The “Outdoor Quarry Exhibit” is a “must see” if you ever visit Stone Mountain Park located near Atlanta, Georgia. It plays an important role in the history of Stone Mountain, a place where I have lived for a long time.
The writing below this engraving of the train tells an interesting story: “A passenger train known as the “Dinky” brought stone cutters and laborers who lived in the City of Stone Mountain to the quarries around the mountain.”
The railroad you see above replaced the spot that was originally built in 1869 by the Stone Mountain Granite Company. The spur was once connected to the Georgia Railroad and allowed granite to be shipped from quarry cutting sheds to the City of Stone Mountain and to sites around the country. The spin line around the mountain operated until 1942 when the tracks were pulled up and given in the war metal drive. The rail you see here was part of that spur.
Did you know that…
- ”Throughout the years, 7,645,700 cubic feet of granite were removed from the mountain. This is equal to one-foot-long paving stones stretching from the North Pole to the South Pole (12,444 miles)!”
- “Granite was shipped all over the world. It was used at the federal gold depository at Fort Knox, the Panama Canal, the Imperial Hotel in Tokyo, and in the foundation of the Lincoln Memorial, just to name a few. Virtually every state has a building that uses Stone Mountain granite.”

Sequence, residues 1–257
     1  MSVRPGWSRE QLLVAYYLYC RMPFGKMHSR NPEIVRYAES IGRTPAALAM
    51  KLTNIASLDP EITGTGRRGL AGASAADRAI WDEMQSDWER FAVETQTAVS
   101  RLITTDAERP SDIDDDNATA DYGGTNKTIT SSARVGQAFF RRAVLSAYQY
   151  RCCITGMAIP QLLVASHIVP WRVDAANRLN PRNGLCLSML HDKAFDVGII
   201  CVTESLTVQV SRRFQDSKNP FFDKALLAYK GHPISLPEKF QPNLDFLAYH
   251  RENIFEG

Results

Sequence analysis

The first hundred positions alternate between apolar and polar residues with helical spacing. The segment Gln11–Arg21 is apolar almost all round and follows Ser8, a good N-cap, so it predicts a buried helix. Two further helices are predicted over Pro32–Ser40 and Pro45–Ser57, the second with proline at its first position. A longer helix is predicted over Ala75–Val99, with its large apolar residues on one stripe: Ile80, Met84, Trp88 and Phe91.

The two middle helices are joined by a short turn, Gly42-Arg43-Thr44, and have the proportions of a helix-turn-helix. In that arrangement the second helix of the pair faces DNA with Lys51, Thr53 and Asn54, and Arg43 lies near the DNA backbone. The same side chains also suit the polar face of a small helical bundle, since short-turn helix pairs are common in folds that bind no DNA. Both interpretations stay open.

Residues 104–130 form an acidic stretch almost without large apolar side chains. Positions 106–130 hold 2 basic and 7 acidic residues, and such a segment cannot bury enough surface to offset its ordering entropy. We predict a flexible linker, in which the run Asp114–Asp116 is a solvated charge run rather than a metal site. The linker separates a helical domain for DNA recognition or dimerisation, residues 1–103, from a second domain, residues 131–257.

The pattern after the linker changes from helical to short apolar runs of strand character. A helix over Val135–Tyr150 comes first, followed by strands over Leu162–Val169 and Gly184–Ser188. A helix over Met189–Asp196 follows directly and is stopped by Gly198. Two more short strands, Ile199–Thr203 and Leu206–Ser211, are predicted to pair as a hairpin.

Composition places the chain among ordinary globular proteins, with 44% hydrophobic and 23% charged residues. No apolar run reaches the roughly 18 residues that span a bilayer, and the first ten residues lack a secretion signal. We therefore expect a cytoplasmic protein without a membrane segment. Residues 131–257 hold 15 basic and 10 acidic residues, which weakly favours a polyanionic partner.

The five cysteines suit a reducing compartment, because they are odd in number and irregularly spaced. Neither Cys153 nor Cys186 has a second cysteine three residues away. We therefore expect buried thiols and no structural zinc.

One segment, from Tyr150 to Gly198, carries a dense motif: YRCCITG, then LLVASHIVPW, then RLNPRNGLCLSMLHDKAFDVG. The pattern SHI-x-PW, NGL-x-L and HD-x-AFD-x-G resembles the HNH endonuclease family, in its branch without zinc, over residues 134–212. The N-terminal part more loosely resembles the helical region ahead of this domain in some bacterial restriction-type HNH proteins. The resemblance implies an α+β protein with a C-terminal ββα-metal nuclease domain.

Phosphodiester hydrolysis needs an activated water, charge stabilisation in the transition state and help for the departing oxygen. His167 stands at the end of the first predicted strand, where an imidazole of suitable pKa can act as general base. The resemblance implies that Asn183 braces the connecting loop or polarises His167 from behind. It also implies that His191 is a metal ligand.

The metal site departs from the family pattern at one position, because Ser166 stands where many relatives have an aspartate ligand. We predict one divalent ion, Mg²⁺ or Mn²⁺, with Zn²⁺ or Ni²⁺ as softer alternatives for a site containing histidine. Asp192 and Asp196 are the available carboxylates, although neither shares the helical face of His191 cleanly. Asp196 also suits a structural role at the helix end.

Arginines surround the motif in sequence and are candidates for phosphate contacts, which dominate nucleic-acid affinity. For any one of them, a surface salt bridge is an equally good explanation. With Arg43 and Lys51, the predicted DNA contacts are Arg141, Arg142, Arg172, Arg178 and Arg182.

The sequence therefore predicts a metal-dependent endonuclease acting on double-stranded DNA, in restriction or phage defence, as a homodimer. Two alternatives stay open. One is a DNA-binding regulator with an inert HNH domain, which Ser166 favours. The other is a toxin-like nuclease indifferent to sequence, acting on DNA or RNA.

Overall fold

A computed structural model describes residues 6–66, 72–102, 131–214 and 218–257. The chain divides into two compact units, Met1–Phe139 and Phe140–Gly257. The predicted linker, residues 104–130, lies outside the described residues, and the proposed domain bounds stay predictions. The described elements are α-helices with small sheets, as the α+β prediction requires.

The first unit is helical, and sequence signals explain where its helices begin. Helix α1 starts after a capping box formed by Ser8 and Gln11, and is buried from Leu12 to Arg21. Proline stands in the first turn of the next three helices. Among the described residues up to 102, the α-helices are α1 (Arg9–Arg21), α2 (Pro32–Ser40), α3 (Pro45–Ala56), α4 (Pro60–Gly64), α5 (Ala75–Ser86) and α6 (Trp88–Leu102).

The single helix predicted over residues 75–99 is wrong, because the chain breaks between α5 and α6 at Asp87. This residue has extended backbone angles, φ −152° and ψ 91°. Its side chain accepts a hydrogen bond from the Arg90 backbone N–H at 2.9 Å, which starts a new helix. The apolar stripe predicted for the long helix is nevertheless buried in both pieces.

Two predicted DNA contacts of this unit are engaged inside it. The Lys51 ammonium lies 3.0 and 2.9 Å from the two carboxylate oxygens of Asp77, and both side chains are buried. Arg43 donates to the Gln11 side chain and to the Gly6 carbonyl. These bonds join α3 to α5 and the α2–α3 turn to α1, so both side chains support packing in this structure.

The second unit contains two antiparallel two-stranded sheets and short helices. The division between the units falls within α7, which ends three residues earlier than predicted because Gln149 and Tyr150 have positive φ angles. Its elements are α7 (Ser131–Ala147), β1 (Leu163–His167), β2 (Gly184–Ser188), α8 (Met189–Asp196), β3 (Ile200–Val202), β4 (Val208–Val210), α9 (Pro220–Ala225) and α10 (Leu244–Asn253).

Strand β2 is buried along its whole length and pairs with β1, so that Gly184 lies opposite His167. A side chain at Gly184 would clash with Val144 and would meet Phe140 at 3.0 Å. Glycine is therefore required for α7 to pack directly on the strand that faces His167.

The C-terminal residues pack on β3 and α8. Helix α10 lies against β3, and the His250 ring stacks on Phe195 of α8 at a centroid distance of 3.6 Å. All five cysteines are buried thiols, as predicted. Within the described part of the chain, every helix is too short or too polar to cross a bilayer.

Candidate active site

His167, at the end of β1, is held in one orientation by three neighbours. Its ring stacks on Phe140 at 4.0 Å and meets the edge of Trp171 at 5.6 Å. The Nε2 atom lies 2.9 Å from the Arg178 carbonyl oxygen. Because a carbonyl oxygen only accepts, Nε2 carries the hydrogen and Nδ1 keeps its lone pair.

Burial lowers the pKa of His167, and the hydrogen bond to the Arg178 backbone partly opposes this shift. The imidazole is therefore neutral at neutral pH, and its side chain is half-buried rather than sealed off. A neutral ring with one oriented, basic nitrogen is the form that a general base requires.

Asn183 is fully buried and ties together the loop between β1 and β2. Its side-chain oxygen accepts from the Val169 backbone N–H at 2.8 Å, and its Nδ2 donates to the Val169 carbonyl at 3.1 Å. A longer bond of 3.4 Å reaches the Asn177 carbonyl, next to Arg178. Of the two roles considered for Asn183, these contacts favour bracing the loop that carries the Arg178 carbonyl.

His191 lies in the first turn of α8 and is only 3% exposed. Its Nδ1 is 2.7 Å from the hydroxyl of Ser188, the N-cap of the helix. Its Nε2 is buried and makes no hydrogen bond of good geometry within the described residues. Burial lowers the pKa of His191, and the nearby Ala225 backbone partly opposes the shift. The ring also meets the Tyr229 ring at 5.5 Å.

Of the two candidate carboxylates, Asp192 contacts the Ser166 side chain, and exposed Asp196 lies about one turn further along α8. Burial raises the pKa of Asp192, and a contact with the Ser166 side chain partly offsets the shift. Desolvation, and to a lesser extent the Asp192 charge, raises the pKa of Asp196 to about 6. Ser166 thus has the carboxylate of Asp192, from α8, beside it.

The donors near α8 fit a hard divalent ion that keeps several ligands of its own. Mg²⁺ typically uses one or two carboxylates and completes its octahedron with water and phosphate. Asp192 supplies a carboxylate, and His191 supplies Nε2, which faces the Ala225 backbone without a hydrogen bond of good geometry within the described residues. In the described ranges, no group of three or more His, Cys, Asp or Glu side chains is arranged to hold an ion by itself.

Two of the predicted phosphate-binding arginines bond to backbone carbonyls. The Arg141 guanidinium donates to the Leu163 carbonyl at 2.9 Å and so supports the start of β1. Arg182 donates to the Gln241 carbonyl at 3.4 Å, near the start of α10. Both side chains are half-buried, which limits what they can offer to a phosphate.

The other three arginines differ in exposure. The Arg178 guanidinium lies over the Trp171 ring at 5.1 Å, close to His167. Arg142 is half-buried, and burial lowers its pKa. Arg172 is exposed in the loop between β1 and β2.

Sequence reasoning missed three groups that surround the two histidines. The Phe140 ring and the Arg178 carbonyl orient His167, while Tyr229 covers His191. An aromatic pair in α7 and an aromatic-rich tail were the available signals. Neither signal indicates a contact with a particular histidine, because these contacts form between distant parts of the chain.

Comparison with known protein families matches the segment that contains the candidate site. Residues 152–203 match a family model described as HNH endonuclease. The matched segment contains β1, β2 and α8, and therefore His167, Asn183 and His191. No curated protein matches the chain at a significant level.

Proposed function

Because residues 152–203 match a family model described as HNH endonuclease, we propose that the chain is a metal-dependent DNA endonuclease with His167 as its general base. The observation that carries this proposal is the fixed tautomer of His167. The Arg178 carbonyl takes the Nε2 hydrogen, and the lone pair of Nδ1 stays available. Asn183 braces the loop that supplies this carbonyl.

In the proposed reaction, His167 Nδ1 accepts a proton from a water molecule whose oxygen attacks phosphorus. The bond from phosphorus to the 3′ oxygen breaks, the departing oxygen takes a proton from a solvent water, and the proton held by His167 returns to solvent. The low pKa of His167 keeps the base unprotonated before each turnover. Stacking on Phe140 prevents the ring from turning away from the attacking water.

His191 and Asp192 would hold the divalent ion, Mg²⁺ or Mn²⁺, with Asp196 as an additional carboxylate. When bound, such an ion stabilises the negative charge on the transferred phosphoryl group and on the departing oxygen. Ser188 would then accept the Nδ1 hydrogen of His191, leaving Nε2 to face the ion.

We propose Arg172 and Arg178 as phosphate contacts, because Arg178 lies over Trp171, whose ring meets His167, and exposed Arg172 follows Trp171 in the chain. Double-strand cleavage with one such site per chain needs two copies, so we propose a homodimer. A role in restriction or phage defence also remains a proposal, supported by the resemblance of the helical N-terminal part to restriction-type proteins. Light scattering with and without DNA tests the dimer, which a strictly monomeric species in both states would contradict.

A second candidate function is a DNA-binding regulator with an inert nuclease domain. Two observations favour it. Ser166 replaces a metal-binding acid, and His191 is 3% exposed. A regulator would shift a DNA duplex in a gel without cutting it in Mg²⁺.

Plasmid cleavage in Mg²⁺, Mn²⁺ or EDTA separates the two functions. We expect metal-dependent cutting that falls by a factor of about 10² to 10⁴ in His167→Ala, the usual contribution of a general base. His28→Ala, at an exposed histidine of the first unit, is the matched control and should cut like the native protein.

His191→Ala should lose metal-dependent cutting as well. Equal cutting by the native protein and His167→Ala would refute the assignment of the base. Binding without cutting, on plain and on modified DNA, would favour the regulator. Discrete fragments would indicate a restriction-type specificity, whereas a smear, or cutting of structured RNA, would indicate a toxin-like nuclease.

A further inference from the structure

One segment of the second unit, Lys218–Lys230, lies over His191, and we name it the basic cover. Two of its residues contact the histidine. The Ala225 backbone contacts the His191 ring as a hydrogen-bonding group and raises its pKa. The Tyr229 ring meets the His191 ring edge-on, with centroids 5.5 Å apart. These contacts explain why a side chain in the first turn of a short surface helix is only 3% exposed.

- “The exhibit also describes the process of granite quarrying at Stone Mountain and the changes in technology over time. It illustrates the monumental contributions of the quarrymen and the industry at Stone Mountain.”
“The earliest record of quarrying activity appeared in the 1849 edition of Statistics of the State of Georgia, which stated that Stone Mountain contained “granite in quantities sufficient to supply the state of Georgia for a century to come.” The 1850 census also listed five men in the town of Stone Mountain as stone cutters, indicating a small but established trade in cut granite. It is the second common occupation after farming.” Source: Stone Mountain Park Association
“The pointed tools used by stone cutters required constant sharpening, so blacksmiths were always on site to reheat the iron tools and hammer fresh points on them. In the early twentieth century, carbide-tipped tools were introduced that did not dull as quickly and could be resharpened on an emery wheel. Later innovations included the channel burning torch, but by then large scale quarrying was long over at Stone Mountain. The small operation continued at the mountain into the 1970s still used the methods of fifty years before.Source: Stone Mountain Park Association
Written and Photographed by Mary Gilmartin, March 3, 2013